## Norwegian mathematics

Saturday 16 April 2005 at 10:58 pm | In Articles | 7 Comments

I have been teaching Norwegian students for some years; every year it’s a new group but every year they are a pleasure to teach. Since we follow their syllabus the textbook is in Norwegian, which is fine for most mathematics but probability questions can be challenging; just a subtle change in wording can change the resulting probability.

Mathematics is a fairly universal language but there are occasional differences in Norway. In classes for British students I often use . or × for multiplication as in or , but Norwegians use · as in and using the ‘wrong’ notation always produces complaints. Vectors are written as rather than , and the typed bold letter is not used.

Other interesting differences in symbols in the textbook are:

for the unit vectors
for the interval from to 0
In differentiation, function notation is used but I have never before seen it used as in or
The solution of is written

Of course, I am assuming it’s not just the book I’m using, but as the students are comfortable with the notation I expect it’s common in Norway.

The exams are interesting. They are much longer than in the UK lasting 5 hours, so they can only have 1 exam per day. But what is really fascinating, is that to maintain national standards, externally set exams are only sat by selected students, chosen in a lottery. The students only get short notice of whether or not they have been selected and the external exam mark supersedes any internal exam marks. Different selections are made for each subject.

The standard of mathematics they have to learn is roughly equivalent to A level, but the standard of behaviour, willingness to learn and participation is far superior! They study more subjects than is common in the UK and not only do they all know who Niels Henrik Abel was, but even know his most famous result (insolubility of a quintic). Impressive. How many British students can do the same for any British mathematician? They get taught multiplication tables up to 20, which is twice as far as here in the UK and further than the 12 in my day.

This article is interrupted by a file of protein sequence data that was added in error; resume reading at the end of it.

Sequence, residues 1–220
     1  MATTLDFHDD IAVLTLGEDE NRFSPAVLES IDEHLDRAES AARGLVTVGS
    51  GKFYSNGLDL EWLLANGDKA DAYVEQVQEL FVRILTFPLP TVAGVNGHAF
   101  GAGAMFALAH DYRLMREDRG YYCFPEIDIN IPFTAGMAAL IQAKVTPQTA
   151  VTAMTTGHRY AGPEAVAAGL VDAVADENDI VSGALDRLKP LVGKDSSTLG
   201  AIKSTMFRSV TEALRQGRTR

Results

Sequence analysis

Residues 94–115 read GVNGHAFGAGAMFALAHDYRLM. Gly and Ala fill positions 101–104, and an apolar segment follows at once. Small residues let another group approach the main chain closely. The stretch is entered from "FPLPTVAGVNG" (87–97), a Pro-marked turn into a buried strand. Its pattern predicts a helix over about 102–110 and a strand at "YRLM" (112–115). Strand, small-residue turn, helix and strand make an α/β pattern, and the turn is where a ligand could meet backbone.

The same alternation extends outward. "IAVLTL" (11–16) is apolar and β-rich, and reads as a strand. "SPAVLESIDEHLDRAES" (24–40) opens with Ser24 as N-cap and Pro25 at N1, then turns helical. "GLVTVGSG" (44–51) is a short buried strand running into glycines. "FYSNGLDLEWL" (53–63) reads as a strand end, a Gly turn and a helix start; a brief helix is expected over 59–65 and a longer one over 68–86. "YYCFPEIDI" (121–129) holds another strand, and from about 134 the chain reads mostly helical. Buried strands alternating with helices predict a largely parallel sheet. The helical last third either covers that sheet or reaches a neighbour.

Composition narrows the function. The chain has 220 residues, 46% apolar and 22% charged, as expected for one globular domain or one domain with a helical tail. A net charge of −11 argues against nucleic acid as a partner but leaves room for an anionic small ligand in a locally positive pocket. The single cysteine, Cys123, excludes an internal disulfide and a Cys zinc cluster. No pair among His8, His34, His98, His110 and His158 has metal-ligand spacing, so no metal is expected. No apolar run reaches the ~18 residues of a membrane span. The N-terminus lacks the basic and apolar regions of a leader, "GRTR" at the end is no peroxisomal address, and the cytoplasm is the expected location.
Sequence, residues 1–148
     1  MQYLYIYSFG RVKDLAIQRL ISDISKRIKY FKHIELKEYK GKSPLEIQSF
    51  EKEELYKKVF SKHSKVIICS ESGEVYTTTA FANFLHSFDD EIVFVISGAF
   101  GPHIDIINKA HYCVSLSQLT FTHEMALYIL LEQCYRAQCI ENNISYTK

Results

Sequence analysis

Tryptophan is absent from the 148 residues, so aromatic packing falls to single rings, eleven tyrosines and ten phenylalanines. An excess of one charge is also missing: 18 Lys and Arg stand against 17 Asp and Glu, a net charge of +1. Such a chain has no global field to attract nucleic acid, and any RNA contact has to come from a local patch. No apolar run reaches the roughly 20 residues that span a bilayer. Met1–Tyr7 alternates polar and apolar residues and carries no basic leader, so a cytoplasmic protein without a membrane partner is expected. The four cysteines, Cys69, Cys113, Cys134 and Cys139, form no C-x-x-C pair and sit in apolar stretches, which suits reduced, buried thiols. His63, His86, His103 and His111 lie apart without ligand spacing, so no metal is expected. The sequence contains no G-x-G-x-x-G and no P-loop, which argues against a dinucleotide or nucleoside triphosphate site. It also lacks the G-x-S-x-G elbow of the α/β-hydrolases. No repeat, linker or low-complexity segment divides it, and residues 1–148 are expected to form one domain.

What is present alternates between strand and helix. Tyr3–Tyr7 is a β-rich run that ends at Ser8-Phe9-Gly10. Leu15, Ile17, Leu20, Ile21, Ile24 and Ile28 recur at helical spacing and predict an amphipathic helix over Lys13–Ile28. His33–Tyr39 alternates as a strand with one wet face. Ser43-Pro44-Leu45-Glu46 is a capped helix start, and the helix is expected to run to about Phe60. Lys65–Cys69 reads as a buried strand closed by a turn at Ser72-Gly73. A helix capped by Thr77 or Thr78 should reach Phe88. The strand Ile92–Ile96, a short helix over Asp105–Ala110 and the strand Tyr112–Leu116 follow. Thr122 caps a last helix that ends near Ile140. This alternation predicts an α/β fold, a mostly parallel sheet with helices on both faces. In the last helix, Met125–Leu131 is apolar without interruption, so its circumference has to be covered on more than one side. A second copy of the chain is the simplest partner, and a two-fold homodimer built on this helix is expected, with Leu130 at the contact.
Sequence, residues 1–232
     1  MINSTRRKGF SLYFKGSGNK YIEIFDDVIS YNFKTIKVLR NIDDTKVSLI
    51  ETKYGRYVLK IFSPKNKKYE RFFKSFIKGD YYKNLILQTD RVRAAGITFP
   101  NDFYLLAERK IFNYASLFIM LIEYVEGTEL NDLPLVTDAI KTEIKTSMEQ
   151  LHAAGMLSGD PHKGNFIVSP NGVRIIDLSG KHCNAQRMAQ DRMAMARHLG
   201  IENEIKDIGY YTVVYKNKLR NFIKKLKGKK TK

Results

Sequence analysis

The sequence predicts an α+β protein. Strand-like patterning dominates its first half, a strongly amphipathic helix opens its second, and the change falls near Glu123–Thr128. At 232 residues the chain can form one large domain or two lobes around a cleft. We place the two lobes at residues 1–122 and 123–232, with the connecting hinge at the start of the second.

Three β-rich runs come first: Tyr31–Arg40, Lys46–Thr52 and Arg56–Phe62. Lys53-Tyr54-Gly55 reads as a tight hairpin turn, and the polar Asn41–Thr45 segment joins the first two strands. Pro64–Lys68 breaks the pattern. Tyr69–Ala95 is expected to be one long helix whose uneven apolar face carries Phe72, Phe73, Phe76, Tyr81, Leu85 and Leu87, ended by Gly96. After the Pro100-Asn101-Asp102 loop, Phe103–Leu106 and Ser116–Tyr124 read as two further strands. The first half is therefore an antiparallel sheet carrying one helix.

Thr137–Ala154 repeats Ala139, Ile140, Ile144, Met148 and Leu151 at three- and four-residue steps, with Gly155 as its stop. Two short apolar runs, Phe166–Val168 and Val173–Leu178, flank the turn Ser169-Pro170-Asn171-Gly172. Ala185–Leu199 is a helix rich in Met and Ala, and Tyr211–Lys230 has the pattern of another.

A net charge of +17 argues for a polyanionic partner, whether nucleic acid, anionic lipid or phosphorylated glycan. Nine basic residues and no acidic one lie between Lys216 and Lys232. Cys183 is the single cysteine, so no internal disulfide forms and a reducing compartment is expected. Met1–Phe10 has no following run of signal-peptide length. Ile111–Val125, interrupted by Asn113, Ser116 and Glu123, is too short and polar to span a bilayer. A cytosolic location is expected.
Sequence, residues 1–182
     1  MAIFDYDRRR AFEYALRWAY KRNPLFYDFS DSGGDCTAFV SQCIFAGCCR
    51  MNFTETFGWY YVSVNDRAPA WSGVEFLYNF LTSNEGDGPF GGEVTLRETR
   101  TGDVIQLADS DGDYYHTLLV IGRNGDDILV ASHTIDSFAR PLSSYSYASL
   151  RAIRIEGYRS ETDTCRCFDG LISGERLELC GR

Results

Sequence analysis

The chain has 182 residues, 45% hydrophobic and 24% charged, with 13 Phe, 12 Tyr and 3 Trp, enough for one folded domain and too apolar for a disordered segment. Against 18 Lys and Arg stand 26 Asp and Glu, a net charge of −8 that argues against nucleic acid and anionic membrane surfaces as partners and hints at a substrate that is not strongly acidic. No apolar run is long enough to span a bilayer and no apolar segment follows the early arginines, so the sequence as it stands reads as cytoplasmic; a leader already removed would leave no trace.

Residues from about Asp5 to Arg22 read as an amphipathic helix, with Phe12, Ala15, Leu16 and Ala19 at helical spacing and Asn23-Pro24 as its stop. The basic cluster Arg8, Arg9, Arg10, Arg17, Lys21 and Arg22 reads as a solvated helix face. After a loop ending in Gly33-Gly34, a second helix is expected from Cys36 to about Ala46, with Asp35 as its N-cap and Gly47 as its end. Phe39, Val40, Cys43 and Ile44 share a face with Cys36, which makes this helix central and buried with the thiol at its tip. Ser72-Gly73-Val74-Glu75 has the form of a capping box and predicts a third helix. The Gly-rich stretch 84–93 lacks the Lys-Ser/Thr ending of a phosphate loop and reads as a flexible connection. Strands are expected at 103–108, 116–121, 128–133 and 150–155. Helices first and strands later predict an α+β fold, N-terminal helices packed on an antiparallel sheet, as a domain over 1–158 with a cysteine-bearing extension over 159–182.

Question: Can you name any other famous Norwegian mathematicians? One of them is well known for theorems in group theory. Answers below

Answer: Sylow plus 9 others are listed at Mathematicians born in Norway. Lie and Skolem should be familiar names to university mathematics students.

1. Very interesting. Most of the notations you mentioned are fairly intuitive. For intervals, the weirdest notation I have seen is ]0,1] , for the half open unit interval. (0 is excluded)

Comment by tpc — Sunday 17 April 2005 3:37 am #

2. The Open University uses ]0,1] but I am more used to (0,1]

Comment by Steve — Sunday 17 April 2005 10:28 am #

3. Well, most wierd thing for me to know was that although there are quadratics in the syllabus there is not any mention about the Viet’s theorem. In my opinion explaining the theorem would have done the life much easier!!! Many students find it difficult to factorise or to use the discriminant… ðŸ™‚

Comment by Puzich — Thursday 28 April 2005 1:04 pm #

4. The thread’s old but I’ll add my comment anyway. In Quebec, Canada, ]0,1] is the standard notation. At least I have never seen it written otherwise, and I just did Calculus I and II. (I can’t and shouldn’t speak for the rest of Canada, as the barrier created by languages probably is a factor in the use of different notations.)

Comment by John — Monday 8 August 2005 4:07 am #

5. It’s interesting to see your comments on Norwegian students. It’s nice to read that you find Norwegian students a pleasure to teach! The media write a lot of the hopeless lack of knowledge in maths – it’s good to see that that isn’t true for all Norwegian students…

On notation: I’m used to i and j (and k) for the unit vectors (with an arrow on top) in the (Norwegian) textbook I’ve used, although I’ve also seen e_x and e_y used as you mention.

Comment by Bjørn — Saturday 26 November 2005 10:35 pm #

6. The students mainly come from Ulsrud school in Oslo. If you look hard on the site you’ll see photos of our visit to the school in 2003 ðŸ™‚

Comment by Steve — Saturday 26 November 2005 10:44 pm #

7. ]0,1] is logical. The ] blocks the 0 and hence the 0 is excluded. But 1 is inside the ] and so is part of it.

Comment by Luc — Friday 31 March 2006 5:57 pm #